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Spotlight: Remembering the greatest show on earth

Published January 12. 2019 07:27AM

he trapeze acrobats flew through the air with the greatest of ease. One false move and they’d fall to their death.

Every kid loves a circus. Especially the comical clowns with their colorful, outrageous costumes and hilarious facial makeup. Ringling Bros. and Barnum & Bailey Circus was undoubtedly the most famous “greatest show on earth.” They, no doubt, traveled through every state in America, bringing their diversified acts to millions of families for umpteen years.

Cotton candy, the aroma of hot dogs, lemonade, bearded ladies, snake charmers, bareback riders standing atop horses, lion and tiger tamers who stepped inside cages, whip in hand, defying those wild beasts to perform their trained acts just like the elephants.

But the suspenseful trapeze artists were the highlights of the circus acts. They walked a thin-wire tightrope holding a long bar to balance their every step. It was not an easy task, and it required many years of perfected training.

Other acrobats swinging on swings, being caught in midair by their partners as they flew through space without a safety net below. One false move and it could cost them their life, as the audience sat spellbound.

Due to concerns over animal cruelty and many local governments passing “anti-circus” and “anti-elephant” ordinances, Ringling Bros. ended its elephant acts in May 2016.

No more elephants performing their unusual feats of dexterity. Those huge, robust creatures were put out to pasture; now living in the tropical climate of Florida.

The great, versatile Hollywood producer Cecil B. DeMille filmed “The Greatest Show on Earth” in 1952, winning best picture of the year. The 2½-hour circus epic starred Charlton Heston, Betty Hutton and James Stewart as a delightful clown with a mysterious past. The train wreck sequence was worth the price of admission alone.

Screwball antics by the Marx Brothers, Groucho, Chico and Harpo, offered comedy in the 1939 “At the Circus.” This wasn’t top-grade Marx Brothers, but some worthy scenes as they save a circus from bankruptcy. Groucho’s vocal cords sang out “Lydia the Tattooed Lady.” Bing Crosby hadn’t any sleep to lose over Groucho’s singing, since he would never become another Sinatra or Perry Como.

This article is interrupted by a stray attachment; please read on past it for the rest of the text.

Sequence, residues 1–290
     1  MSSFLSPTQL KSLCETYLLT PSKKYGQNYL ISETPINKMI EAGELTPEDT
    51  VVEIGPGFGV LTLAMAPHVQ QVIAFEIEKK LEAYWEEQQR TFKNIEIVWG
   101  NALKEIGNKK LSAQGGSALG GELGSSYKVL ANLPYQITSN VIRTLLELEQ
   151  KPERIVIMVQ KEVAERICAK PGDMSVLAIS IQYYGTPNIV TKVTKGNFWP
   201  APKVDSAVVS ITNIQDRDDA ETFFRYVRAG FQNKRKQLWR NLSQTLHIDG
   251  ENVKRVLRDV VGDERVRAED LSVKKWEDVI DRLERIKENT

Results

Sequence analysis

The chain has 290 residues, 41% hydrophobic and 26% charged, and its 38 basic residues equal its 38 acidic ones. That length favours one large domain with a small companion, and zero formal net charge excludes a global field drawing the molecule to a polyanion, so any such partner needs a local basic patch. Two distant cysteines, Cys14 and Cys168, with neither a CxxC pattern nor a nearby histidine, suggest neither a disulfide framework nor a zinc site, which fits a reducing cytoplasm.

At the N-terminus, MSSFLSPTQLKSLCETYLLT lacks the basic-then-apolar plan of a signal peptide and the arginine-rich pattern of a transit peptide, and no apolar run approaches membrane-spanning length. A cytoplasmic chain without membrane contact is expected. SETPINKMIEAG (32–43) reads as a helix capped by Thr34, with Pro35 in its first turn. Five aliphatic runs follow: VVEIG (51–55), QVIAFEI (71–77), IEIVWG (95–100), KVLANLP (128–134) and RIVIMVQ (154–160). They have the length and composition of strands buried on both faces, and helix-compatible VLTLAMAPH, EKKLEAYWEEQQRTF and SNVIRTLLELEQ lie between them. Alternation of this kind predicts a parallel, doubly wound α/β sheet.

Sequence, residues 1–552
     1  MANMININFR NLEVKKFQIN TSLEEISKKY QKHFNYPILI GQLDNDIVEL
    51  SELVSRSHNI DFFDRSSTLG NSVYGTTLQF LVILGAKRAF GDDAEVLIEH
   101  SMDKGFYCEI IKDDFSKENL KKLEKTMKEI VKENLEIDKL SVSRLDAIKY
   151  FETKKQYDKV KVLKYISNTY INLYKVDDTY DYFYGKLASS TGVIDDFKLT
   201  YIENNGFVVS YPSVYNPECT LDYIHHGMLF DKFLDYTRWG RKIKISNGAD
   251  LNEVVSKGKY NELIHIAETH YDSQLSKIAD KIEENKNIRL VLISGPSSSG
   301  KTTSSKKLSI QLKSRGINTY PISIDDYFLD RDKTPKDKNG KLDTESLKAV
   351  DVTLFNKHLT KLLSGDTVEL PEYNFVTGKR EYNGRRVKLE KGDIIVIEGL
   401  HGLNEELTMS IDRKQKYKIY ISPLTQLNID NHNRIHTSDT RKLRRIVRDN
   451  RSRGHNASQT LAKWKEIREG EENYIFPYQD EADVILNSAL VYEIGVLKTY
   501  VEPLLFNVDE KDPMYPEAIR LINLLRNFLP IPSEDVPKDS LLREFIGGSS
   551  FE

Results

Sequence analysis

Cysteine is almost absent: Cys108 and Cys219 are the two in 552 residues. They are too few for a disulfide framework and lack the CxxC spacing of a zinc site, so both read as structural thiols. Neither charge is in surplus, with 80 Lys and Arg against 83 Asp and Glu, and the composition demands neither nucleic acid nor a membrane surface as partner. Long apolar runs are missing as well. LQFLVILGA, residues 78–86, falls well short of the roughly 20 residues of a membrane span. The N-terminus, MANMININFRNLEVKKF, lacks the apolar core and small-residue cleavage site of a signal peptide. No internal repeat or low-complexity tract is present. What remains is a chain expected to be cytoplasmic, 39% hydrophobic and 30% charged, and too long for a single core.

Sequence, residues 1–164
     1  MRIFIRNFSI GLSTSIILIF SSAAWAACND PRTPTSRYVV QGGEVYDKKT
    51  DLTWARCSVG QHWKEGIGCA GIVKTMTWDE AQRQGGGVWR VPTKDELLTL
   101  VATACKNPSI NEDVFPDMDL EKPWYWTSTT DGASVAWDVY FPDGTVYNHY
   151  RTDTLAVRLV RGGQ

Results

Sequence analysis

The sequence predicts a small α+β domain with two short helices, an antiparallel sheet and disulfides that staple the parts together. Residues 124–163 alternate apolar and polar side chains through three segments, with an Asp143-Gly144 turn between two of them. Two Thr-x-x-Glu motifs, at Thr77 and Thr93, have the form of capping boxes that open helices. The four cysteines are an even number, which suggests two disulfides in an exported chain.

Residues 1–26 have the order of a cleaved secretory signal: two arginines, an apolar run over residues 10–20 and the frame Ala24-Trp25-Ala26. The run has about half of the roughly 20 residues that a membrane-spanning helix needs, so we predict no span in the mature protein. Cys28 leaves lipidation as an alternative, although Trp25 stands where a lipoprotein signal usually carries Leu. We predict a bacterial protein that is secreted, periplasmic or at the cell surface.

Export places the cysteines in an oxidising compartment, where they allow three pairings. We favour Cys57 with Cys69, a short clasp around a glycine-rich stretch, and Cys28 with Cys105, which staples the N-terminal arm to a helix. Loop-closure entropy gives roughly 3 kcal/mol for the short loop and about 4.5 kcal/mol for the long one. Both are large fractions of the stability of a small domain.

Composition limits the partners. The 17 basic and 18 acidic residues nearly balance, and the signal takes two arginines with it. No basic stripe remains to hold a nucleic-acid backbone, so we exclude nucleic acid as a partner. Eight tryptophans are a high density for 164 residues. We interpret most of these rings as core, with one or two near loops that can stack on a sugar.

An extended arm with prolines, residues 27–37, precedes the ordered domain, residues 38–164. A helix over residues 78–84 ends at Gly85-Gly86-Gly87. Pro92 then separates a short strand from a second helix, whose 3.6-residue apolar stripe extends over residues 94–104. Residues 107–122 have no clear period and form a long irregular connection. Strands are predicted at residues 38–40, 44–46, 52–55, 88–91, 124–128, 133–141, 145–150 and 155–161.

Another enjoyable circus movie was the 1956 “Trapeze” with Burt Lancaster, Tony Curtis and gorgeous Gina Lollobrigida. It was a moody love triangle with a European circus background. Daredevil aerial stuntwork by real-life ex-acrobat performer Lancaster, who was quite authentic and actually performed his own stuntwork. The aerial performances are mesmerizing to watch. Both Lancaster and Curtis vie for Lollobrigida’s affections, both in the air and on the ground.

Perhaps after viewing DeMille’s successful circus epic four years earlier, British director Carol Reed decided to film a less-spectacular circus movie. Recently viewing “Trapeze” on Turner Classic Movies, it has proved to be a very entertaining cinematic event.

Around Christmas 2017, a delightful circus treat was offered as Hugh Jackman performed as P.T. Barnum in a movie musical based on the life of this 19th century entertainment impresario, “The Greatest Showman.” This circus bio chronicles Barnum’s rags-to-riches tale as he becomes the world’s greatest showman.

After displaying his dramatic skills in several Wolverine action films, Jackman is totally without song and dance ability, but he hits a high level as he performs well in this stunning circus musical. The songs are composed by “La La Land’s” Oscar-winning team, Benj Pasek and Justin Paul.

In 2017, Ringling Bros. circus was touring the country for its final performances. No more laughable clowns, the animal acts, the trapeze artists, the many three-ring circus acts that thrilled circus lovers for more than a century.

The march of time has taken its toll.

The kids growing up today will never see a live circus like those of days gone by. They probably won’t care because of having their computers, iPads, cellphones, video games and electronic devices never known before to mankind.

Gone, gone, gone is the magic of the circus. Forever just a memory of our youth. Of those magical days when we laughed heartily at the silly antics of clowns performing their goofy acts.

Laugh, clown, laugh, the final curtain has fallen down on those rapturous memories of our childhood days. Whenever we hear the memorable song, “Send in the Clowns,” we will be reminded of how thrilling it used to be to know the circus was coming to our town.

I was lucky enough to be able to see all this from a behind the scenes view, and many of my photos were published and featured in a historical magazine about the circus. Thank you Ringling Brother Red Train for your hospitality and amazing life altering experiences.

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